The Peace Talks: Bringing the International/Regional Arena Back In


It’s easy to be pessimistic about the new round of Israeli-Palestinian negotiations.

There is no love lost between Israeli Prime Minister Benjamin Netanyahu and Palestinian Authority President Mahmoud Abbas, and Israelis and Palestinians hold fundamentally opposing positions on every core issue, from borders to Jerusalem to refugees.

But President Obama and Secretary of State John Kerry, who shuttled six times between Jerusalem and Ramallah in recent months to cajole both sides back to the negotiation table, are convinced that, over the next nine months, both sides will bridge their differences.

Israel and the Palestinians have negotiated many times before without success (the last time was back in 2010), and since 1993 three other U.S. presidents have tried, and failed, to broker a deal.

Why should this time be any different?

Before dismissing Obama and Kerry’s efforts as hopeless, skeptics should consider how recent international and regional developments make peace more lucrative today for both Israelis and Palestinians.

On the Palestinian side, the attempt to achieve a state by turning to the international community has not panned out. The United Nation’s Security Council never did consider Abbas’ bid for statehood and increased international condemnation of Israel, along with a growing global BDS (boycott, divestment, and sanctions) campaign, has not stopped settlement growth. If anything, the Palestinian Authority’s effort to internationalize the conflict has made Israelis more defensive and intransigent. There are now politicians in Israel’s government who, in calling for annexing the West Bank, are even more hard-line than Prime Minister Benjamin Netanyahu.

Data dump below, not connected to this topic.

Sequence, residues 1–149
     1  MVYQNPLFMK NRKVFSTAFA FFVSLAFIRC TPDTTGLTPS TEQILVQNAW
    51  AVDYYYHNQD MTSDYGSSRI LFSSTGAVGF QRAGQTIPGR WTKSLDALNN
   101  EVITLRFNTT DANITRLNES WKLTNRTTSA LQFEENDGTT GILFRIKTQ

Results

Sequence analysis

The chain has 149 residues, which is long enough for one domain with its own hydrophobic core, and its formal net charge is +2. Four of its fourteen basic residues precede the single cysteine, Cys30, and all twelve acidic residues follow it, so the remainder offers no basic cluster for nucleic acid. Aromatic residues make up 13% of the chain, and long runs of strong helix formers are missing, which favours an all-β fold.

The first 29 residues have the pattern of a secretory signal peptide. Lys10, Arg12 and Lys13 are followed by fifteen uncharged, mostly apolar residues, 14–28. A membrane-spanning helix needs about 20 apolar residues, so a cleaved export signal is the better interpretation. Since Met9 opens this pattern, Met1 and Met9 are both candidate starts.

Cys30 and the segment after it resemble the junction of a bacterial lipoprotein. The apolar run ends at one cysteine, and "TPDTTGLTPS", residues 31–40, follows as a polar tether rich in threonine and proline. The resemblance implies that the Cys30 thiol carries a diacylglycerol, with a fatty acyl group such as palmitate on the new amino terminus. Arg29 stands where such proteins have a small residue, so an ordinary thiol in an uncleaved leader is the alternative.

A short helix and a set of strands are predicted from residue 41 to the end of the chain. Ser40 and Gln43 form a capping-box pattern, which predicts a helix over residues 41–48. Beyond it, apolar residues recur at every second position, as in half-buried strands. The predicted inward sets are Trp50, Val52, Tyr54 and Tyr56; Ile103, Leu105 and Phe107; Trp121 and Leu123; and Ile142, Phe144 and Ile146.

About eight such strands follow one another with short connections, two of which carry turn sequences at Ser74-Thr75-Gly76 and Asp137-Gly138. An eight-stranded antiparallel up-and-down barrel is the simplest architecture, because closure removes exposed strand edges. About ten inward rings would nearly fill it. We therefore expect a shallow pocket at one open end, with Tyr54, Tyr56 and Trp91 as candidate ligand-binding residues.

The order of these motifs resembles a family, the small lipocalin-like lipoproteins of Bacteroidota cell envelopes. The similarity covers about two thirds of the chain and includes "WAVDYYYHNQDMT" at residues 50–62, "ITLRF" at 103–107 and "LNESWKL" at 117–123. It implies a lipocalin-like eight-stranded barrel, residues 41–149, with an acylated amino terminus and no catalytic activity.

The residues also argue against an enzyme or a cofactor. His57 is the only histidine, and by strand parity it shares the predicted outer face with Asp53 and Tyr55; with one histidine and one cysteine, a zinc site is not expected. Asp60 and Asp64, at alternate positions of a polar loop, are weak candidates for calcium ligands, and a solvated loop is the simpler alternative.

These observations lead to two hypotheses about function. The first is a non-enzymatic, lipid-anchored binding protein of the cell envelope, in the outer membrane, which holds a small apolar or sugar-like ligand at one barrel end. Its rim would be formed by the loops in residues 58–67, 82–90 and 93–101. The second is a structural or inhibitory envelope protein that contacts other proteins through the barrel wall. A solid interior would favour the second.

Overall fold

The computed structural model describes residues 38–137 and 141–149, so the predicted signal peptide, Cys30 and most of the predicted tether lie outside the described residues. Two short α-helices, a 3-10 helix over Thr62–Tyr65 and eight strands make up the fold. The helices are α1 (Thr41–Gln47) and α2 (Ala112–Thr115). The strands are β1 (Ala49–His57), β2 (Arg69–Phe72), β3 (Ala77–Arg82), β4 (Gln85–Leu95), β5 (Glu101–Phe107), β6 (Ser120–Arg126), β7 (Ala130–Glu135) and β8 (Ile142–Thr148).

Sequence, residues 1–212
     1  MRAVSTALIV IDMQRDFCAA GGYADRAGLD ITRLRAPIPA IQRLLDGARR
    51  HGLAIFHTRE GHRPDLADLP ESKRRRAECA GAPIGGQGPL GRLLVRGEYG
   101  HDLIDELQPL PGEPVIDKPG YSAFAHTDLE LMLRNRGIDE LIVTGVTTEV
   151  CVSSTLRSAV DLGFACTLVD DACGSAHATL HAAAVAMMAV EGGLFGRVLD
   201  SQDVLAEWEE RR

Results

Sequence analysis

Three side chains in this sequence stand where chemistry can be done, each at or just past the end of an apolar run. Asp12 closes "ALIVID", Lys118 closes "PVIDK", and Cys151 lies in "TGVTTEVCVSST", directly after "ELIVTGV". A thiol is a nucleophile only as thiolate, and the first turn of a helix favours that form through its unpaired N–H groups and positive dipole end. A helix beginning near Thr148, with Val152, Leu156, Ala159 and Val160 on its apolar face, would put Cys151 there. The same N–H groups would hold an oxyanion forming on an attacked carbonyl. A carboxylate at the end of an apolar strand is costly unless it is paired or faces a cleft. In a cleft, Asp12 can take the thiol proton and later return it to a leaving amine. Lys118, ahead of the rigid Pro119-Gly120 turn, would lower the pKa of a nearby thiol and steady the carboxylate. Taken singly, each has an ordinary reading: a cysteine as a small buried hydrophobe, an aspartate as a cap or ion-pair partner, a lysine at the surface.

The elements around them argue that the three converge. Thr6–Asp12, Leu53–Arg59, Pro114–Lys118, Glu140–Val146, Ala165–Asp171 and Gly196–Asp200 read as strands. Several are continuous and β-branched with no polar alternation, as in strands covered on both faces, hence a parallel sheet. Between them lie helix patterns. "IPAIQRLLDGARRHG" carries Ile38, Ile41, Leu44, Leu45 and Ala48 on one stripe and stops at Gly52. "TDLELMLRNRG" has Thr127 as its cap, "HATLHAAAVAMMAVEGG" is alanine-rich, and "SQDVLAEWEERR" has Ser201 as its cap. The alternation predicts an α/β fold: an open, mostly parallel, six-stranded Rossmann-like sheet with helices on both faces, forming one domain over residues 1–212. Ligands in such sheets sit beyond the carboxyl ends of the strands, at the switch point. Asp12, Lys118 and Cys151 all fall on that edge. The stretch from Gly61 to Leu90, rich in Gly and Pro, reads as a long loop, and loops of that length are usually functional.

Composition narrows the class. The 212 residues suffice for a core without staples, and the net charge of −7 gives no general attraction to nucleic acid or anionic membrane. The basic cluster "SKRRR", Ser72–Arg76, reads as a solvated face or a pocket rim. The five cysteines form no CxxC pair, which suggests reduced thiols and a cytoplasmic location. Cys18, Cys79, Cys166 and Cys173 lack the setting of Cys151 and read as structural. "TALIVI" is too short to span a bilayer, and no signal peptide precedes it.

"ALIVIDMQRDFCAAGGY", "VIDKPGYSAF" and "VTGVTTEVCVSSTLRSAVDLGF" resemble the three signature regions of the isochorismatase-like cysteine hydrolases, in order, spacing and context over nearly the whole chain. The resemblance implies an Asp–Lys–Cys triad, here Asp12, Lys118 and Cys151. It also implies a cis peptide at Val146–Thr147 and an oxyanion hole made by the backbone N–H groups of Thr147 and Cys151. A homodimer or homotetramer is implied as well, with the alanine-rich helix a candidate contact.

Other regional developments will also be important to Abbas’ calculations in the coming months. Hamas, the Palestinian Authority’s main nemesis, has been considerably weakened by its stance on Syria’s civil war. By siding with Syria’s rebels, Hamas has lost much-needed Iranian financial support.

Hamas has also fared poorly from the ouster of Egypt’s Mohammed Morsi and the ongoing unrest in neighboring Egypt. The Egyptian military has not only initiated a crackdown on the Muslim Brotherhood and Morsi’s supporters, but it has also destroyed most of the tunnels that run below the Egypt-Gaza border, which Gazans have been using for years to get fuel, food, and construction supplies.

Given Hamas’ difficulties, Kerry’s success in securing a $4 billion pledge from the World Economic Forum for Palestinian economic development gives Abbas a new reason to forge ahead for peace. After all, with 2.7 million Palestinians in the West Bank enjoying, with Israel’s blessing, an economic rejuvenation that they would like to see continue, and with 1.7 million Gazans reeling from the region’s turmoil, Abbas can finally say that he will deliver a tangible peace dividend.

As for Israel, Hamas’ weakness also gives it a new incentive to reach an agreement with the more moderate Palestinian Authority, while it still has the upper hand.